Prism Definitions for Land Surveyors
prism-1 A polyhedron having two faces that are polygons in parallel planes while the other faces are parallelograms. 2 A transparent body bounded in part by two plane faces that are not pantile! used to deviate or disperse a beam of light; an electric or magnetic field similarly used for a beam of electrons. 3 Something that refracts light or produces an effect suggestive of a spectrum.
prism, reflecting—A prism in which deviation of a light beam is produced by reflection within the prism. Almost all prisms used in photogrammetric instruments are of this type.
prism, Roelof’s—A prism made to be attached to the front of the objective lens-system of a theodolite’s telescope and permitting precise pointing at the sun’s center by creating four overlapping images of the sun. ’11 images overlap in such a way that all four images intersect at a common point on the optical axis when the telescope is pointed at the center the sun.
prismatic compass—See compass, prismatic.
prism correction—Correction of the difference between the measured distance and the true distance between the prism and the observation point. This difference is caused by the reflection of light rays and their change of speed within the prism, or because the center of the prism does not coincide with the vertical axis of the setup.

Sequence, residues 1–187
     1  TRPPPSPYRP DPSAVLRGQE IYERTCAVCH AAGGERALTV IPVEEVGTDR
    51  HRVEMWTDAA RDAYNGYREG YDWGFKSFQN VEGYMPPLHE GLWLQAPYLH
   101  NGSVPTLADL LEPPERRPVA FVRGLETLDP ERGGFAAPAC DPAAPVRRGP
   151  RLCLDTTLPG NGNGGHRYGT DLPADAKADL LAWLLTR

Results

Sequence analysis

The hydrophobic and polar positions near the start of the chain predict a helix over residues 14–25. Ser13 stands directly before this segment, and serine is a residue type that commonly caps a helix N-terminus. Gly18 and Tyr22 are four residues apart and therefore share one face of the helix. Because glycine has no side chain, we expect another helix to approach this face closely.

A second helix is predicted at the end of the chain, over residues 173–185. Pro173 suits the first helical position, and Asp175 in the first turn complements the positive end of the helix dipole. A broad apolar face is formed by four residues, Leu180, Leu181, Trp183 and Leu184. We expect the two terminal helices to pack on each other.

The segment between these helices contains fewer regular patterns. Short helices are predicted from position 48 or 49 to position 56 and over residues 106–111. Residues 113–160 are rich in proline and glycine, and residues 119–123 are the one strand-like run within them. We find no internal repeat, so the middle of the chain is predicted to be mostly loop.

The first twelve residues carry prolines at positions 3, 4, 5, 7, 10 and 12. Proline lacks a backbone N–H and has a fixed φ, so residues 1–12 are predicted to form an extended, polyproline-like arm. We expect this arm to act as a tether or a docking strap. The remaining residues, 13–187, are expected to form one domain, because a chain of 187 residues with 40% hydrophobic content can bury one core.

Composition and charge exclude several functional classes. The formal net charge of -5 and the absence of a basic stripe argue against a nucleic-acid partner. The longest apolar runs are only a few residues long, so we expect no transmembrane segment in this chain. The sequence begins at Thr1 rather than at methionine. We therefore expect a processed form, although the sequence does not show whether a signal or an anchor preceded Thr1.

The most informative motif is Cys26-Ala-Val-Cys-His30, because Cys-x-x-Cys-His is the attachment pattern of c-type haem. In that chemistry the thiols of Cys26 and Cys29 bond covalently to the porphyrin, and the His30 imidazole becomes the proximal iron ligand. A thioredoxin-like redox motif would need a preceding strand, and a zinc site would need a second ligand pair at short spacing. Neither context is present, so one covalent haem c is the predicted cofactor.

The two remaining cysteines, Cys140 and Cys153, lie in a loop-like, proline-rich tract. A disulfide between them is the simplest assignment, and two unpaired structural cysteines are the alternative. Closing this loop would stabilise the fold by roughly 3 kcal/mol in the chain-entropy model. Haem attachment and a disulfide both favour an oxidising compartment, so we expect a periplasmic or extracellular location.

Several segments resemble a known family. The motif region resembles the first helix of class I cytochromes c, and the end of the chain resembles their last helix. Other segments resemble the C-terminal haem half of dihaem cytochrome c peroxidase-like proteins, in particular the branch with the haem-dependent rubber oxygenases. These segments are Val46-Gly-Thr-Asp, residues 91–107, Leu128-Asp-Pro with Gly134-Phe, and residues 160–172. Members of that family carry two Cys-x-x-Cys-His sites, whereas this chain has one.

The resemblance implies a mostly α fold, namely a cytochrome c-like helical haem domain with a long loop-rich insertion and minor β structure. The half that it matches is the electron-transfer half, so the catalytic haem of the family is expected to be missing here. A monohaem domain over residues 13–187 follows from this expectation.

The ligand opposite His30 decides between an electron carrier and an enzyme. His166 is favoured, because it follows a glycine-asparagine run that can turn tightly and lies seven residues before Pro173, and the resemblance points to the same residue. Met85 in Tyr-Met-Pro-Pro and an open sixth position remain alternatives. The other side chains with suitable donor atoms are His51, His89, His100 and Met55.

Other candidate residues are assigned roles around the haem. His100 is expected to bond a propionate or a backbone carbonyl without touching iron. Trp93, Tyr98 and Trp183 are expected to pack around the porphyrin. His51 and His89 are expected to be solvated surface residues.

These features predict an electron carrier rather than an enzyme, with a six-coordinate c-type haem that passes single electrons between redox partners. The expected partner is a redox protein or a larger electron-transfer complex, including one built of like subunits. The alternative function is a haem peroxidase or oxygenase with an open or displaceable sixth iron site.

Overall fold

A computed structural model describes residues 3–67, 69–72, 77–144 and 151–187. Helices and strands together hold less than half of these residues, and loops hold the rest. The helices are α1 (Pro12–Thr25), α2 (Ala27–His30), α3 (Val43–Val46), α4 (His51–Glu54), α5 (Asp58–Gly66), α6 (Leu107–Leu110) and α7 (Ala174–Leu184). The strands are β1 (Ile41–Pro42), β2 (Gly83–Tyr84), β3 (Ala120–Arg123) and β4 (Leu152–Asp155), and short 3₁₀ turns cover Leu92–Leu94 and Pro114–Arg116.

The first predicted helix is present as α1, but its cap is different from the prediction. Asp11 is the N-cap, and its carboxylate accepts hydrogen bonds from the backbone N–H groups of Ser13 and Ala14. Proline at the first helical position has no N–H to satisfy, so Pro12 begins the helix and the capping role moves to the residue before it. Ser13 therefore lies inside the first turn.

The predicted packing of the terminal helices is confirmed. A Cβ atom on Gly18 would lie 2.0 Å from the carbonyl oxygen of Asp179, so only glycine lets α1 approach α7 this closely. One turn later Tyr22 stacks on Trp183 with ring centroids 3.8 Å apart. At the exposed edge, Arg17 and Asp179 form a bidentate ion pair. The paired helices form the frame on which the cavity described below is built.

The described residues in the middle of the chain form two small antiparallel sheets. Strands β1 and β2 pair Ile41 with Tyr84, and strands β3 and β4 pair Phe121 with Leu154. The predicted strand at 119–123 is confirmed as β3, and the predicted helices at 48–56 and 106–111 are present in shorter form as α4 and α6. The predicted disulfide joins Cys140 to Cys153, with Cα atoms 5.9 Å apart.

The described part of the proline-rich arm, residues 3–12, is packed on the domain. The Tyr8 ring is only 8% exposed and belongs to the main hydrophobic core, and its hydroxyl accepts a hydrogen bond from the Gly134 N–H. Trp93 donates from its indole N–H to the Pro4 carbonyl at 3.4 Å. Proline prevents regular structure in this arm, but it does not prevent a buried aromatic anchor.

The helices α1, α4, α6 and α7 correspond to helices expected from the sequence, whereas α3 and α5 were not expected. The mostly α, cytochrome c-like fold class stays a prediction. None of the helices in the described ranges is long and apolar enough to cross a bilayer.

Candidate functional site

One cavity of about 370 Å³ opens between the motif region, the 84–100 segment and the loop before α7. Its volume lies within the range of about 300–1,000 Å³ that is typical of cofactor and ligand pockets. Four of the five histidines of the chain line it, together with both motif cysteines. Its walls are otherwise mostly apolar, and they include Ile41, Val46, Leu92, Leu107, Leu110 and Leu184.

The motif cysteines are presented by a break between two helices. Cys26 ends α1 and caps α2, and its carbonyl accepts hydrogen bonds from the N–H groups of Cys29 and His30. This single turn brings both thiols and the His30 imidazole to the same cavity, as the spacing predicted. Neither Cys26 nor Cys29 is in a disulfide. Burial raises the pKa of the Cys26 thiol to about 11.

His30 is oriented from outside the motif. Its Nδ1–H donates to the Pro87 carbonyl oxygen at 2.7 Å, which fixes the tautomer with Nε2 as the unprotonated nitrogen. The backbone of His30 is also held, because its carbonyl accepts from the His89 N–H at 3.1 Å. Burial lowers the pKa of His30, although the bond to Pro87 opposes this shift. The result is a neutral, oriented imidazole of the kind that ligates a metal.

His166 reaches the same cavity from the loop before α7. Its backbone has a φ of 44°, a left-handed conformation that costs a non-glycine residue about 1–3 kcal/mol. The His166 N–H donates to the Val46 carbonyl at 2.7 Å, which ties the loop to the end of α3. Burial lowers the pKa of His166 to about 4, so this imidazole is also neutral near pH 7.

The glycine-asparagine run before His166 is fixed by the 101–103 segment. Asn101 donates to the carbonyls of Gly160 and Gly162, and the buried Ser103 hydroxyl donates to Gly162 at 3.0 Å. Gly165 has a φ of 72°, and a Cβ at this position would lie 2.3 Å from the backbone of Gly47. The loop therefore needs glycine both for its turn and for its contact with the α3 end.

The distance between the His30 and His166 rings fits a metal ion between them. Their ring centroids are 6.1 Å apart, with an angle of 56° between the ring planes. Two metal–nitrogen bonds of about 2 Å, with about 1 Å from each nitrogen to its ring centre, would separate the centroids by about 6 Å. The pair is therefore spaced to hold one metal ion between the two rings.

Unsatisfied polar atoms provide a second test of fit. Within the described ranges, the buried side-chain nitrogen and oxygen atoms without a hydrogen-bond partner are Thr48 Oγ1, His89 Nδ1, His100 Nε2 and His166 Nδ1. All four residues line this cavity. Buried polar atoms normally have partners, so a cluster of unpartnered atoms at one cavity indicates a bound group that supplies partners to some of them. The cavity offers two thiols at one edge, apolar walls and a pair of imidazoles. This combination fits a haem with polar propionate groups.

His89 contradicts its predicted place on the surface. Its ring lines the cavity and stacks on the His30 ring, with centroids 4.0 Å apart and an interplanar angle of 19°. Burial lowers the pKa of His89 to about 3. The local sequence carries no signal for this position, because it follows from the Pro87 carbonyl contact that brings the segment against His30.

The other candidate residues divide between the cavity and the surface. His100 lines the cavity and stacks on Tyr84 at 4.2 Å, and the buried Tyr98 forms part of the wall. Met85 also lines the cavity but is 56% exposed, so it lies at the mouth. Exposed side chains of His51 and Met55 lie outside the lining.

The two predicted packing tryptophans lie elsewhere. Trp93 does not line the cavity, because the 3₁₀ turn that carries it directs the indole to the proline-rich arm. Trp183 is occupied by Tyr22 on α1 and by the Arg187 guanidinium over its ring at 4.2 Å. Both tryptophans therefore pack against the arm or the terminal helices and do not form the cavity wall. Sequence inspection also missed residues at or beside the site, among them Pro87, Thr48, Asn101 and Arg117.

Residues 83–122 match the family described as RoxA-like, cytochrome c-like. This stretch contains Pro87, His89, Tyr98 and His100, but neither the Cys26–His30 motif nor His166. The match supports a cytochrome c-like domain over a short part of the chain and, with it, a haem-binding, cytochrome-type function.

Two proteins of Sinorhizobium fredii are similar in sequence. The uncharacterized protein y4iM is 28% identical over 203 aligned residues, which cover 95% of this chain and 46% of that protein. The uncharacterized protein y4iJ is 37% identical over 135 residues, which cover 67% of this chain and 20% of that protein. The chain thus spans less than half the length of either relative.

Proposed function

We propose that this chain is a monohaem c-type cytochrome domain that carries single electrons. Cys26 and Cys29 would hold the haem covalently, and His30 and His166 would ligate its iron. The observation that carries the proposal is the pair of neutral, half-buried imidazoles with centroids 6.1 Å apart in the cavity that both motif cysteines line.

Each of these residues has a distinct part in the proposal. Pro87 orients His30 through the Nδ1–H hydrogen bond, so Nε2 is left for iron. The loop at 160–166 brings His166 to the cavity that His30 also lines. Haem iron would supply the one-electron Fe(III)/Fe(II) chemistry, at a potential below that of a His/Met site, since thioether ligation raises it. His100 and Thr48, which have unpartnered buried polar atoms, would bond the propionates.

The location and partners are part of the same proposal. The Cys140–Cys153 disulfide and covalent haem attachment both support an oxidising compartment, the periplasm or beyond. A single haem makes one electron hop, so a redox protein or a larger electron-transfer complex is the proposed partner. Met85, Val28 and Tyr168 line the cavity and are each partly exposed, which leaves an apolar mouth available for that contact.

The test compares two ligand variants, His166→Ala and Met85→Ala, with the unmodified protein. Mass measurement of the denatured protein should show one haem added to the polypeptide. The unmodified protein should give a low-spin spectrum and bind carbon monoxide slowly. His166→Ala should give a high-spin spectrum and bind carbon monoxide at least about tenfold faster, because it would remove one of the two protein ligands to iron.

prismoid—Any solid bounded by planes. and whose end-faces are parallel. It is also usually understood to include figures whose bounding surfaces are warped surfaces.
prismoidal formula—Used for computing volumes of cuts and fills in earthwork, generally in railroad or highway grading.
V= 1/6 (A1 + 4Am + A2 )
where V is volume, 1 denotes the length of a uniformly tapering part of the cut or fill, and A r A., and A2, are cross-sectional areas of the ends and middle.
Source: NSPS “Definitions of Surveying and Related Terms“, used with permission.
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